Updated COVID-19 shots — one by Pfizer and one by Moderna — are now approved by the Food and Drug Administration (FDA) and the Centers for Disease Control and Prevention (CDC). These updated vaccines will better target the COVID variants currently circulating in the U.S. and worldwide.
Specifically, these shots will target the XBB.1.5 subvariant, a progression from the omicron variant, which was dominant earlier this summer when development of the updated shot started. And while XBB.1.5 is not the dominant variant anymore (CDC data shows that the subvariant Eris, or EG.5, is now the prominent strain), these shots will still help protect you from severe outcomes like hospitalization and death. EG.5 is also a descendant of omicron, so you’ll still have decent coverage.
“[The shots] will work really well against all of the variants that we currently have circulating in the United States and across the world,” said Dr. Jodie Guest, the senior vice chair of the Department of Epidemiology at Rollins School of Public Health at Emory University.
It’s best to not even think of these as boosters but rather a regular shot, according to Dr. S. Wesley Long, the medical director of diagnostic microbiology at Houston Methodist Hospital.
“You know, when we take our annual flu shot, it’s just the flu shot, we don’t think of it as a flu booster ... the way to think about these new COVID vaccines is it’s really like the annual flu shot,” Long said. While it’s similar to the previous year’s vaccine, it’s updated to target any virus changes, he explained.
So, it’s safe to say these shots are important as we head into another fall and winter when respiratory illnesses are known to spike. Here’s who can get the new shots and why they’re necessary:
The new shots are available to people 6 months and older.
The CDC guidelines state that everyone 6 months and older can get this updated vaccine, which is a welcome piece of news, both experts told HuffPost.
“The recommendation from CDC’s advisory committee will help ensure access to the updated COVID-19 vaccine for everyone 6 months and older, which is especially important from a health equity perspective,” Guest told HuffPost via email.
The new vaccine is one dose for people ages 5 and over and multiple doses for those ages 6 months to 4 years old. However, the exact number of doses depends on current vaccination status, and which shot a child received ― either Pfizer or Moderna ― also matters regarding dosing, according to the FDA. So, it’s best to talk to your child’s pediatrician or doctor for specifics.
While the new shots are available for everyone, Guest said it’s also important to focus on getting shots to those at high risk for severe outcomes, like older adults and the immunosuppressed.
If you can, get the new vaccine now. But if you’ve been recently vaccinated or infected, you should wait.
Shots are available now, and as cases and hospitalizations continue to rise, it’s encouraged that you get your shot as soon as you can.
“You’re going to start to see it available in pharmacies and clinicians offices across the country, and this is the perfect time to be getting both the flu and the COVID vaccine,” Guest said.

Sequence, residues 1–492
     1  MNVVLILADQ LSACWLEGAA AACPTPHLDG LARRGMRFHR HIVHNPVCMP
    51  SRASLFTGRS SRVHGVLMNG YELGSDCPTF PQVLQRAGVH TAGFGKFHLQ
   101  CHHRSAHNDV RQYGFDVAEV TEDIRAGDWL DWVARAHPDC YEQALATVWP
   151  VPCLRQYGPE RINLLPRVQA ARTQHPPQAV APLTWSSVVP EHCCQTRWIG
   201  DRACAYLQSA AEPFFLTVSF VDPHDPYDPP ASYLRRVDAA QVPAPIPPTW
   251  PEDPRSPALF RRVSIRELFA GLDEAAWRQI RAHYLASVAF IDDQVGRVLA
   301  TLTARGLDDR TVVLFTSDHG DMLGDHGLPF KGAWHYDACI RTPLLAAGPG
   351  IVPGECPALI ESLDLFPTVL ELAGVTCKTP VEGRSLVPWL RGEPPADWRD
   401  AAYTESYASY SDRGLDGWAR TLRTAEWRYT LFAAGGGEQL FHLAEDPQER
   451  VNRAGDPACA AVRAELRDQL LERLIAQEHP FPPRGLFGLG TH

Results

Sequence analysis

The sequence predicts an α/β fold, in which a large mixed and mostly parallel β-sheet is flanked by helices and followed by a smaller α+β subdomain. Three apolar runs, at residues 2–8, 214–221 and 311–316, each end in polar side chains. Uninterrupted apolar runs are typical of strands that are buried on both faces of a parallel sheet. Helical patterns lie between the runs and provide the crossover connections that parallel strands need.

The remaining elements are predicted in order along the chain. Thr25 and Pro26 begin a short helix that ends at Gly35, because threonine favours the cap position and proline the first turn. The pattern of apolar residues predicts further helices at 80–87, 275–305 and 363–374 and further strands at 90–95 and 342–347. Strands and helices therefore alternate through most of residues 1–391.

If you don’t get the shots now, she said you should do so by October to receive the most optimal protection as we go into peak illness season.
However, if you’ve been vaccinated recently against COVID-19, the FDA guidance states you should wait two months to get the new shot. At this point, there are no specific guidelines for folks who were recently infected with COVID-19, but previous recommendations have said you should wait about three months after infection to get a new vaccine, Guest noted.
If you recently had COVID, talk to your doctor about the best timing for your shot.
Getting this new vaccine is important to reduce virus spread and to help prevent serious illness.
Long re-emphasized that these vaccines target the subvariants currently making people sick and bolster overall immunity that is decreasing in much of the public.
“Our immunity against coronavirus, in general, wanes over time. Probably over the span of — and it depends on the individual — but anywhere from six months to nine months, your circulating antibody level starts to drop,” Long said.
During this time, you’re more likely to end up with a symptomatic infection if you do get reinfected, he said, meaning you are also more likely to spread droplets that infect those around you.
“Honestly, that waning immunity is probably [what] a lot of people think may be driving some of the increase in cases we’re seeing right now because, again, we rolled out the new bivalent boosters about a year ago, uptake of those wasn’t great, people who maybe got ... vaccinated or infected last summer, last fall, whatever residual immunity they had from that could be decreasing,” Long said.
These updated vaccines will essentially train our immune systems to recognize the currently circulating variants, he said.
“And then help, hopefully, shorten the course of illness and definitely reduce your risk of severe disease, hospitalization or death,” Long noted.
As a related aside, just 17% of Americans got the updated COVID booster last year, according to CDC data.
“The vaccines are our single best method to protect ourselves from COVID, to protect our friends, family, loved ones, classmates, co-workers, etcetera, from COVID,” said Long, by, hopefully, reducing infection rates and transmission rates with the added protection from the updated vaccine.